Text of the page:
The field of document processing and creation has developed software and technological processes in an effort to make it easier for people to draft and prepare legal, business and other documents. In some areas, such as legal contract drafting, form documents are used as templates to help a lawyer avoid drafting inconsistencies and otherwise increase drafting efficiency. When a document is created, there are many situations in which some parts of the document that are regarded by the author and readers as generally applicable to that kind of document, and other parts are regarded as specific to a particular use. This is true of many documents such as applications, proposals, court filings and contracts. In contracts, for example, generally applicable portions may include intellectual property provisions and dispute resolution provisions, while specific portions may include price, party names and options. The distinction between specific and general often occurs on multiple levels. For example, a contract usually has provisions addressing issues that are common to nearly all contracts (e.g., choice of law and dispute resolution), other provisions that are common to contracts dealing with the kind of operation (e.g., license agreements), and more narrow or situation-specific provisions (such as patent licenses, contracts governed by particular state law, and contracts made by a particular organization). In many situations, including most contract negotiation settings, the text is often handled inefficiently because the specific and general issues are mixed together with no distinction as to the layer of generality, or only a bipolar distinction between transaction-specific issues and general issues. Participants are often required to read or reread texts to confirm that particular clauses state conventional ideas in conventional ways. To read and draft a contract with care and understanding requires great knowledge and training.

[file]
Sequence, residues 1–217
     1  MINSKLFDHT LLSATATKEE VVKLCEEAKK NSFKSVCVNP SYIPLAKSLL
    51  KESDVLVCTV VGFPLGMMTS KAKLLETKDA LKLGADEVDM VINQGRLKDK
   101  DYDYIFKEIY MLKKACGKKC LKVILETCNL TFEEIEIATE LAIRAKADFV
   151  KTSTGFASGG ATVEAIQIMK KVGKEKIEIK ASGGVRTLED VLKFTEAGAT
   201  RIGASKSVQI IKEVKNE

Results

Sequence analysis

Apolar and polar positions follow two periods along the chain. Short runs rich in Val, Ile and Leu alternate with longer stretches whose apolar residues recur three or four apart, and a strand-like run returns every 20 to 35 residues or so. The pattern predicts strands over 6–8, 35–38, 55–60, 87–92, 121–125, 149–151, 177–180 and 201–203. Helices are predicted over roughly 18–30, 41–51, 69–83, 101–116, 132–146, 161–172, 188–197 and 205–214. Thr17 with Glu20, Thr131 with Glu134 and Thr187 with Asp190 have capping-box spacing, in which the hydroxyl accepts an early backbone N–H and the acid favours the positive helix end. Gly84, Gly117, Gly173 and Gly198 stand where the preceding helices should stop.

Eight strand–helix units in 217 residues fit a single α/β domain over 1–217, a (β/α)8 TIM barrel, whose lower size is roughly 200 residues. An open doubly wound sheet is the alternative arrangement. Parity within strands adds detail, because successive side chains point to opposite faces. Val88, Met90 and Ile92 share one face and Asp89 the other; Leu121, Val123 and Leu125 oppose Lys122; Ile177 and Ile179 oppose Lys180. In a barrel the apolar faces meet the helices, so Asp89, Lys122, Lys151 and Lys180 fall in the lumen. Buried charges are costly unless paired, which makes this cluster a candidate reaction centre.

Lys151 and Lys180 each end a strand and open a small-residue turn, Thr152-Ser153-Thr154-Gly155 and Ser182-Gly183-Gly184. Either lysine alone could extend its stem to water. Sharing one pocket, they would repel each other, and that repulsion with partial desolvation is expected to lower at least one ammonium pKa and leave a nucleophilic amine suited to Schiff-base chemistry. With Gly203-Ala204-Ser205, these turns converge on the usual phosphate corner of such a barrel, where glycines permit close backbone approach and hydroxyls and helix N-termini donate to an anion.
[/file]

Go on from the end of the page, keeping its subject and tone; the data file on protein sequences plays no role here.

Some systems provide functionality in which parties could incorporate conventional agreement text hosted on a website purely by incorporating such text by reference to the website. However, pure incorporation by reference to a website can be difficult for lawyers to adopt in their practices, does not provide a powerful incentive to contribute, and requires higher levels of standardization and a significant change in practice habits. Form agreements can help the author, but are typically handled manually and may not help the readers. Form agreements often involve redundancy of standard provisions from one form to another, because they are not tailored to a particular area of use. Existing document assembly systems can be useful for highly repetitive situations, but are prohibitively difficult for non-specialists to program and understand. As a result, contract experts and parties cannot easily understand what is included in the resulting document unless they read the result, and have difficulty contributing new solutions to a broader knowledge base. Standardized terms and agreements depend on intense collaboration or a dominant participant to achieve standardization.